And because of it, Kane won the popular breakaway challenge during the All-Star game's skills competition at Scotiabank Place.
After Kane failed on his first of three attempts, All-Star teammate Marian Hossa got involved. Hossa placed a Superman cape and Clark Kent-like glasses on Kane for his second attempt.
Kane then slid on the ice as if he was flying and beat St. Louis Blues goalie Brian Elliott. On his third attempt, Kane attempted a slap shot and the puck (a glued-together fractured puck) exploded.
Here's the video:
Anaheim Ducks star Corey Perry brought out a mini-stick for his third attempt and scored, but Kane's Superman routine won over the fans, who voted him the winner.
"I think it's kind of cool when guys throw in some different props and kind of use it to their advantage," Kane said. "I didn't really care about scoring. It was about the whole presentation."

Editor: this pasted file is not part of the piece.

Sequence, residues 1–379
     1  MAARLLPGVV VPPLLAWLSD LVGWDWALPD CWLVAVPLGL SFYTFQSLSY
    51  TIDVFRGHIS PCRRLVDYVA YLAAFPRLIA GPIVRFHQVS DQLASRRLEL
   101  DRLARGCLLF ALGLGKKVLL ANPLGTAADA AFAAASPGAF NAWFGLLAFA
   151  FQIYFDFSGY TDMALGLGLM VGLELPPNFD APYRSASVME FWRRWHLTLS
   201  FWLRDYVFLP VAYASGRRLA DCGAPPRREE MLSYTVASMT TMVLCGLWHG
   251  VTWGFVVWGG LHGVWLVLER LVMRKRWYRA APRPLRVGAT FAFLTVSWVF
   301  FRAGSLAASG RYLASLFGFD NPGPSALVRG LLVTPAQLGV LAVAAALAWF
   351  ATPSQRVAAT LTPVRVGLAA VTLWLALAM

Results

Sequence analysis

Kane said he was inspired by Orlando Magic center Dwight Howard's cape-wearing dunk in the 2008 slum dunk competition at the NBA All-Star game.
"I used to love watching the slam dunk competition growing up," Kane said. "I thought it'd be cool to wear it and kind of slide down the ice like I was flying."
Kane said his parents and Hawks media relations director Brandon Faber bought his props at a costume shop in Ottawa on Saturday.
"They had some other ideas like sparklers on my skates," Kane said.
Of course, Hossa was a key part of the equation.
"I thought he was great," Kane said. "I think he was a little nervous. He didn't want to put anything on me wrong."
As far as the exploding puck for this third attempt, Kane said he cut one up into four pieces and glued it back together.
"I was a little disappointed none of [the pieces] went into the net," Kane said. "That's what I was hoping for. When I did it this morning, there were three in the net sometimes."
Kane didn't hide his desire to win the breakaway challenge. Washington Capitals star Alex Ovechkin had won it every time since it began in 2008, but he pulled out of the All-Star festivities this year.
"It was fun and a cool experience and cool when you think about some ideas that can actually work," Kane said.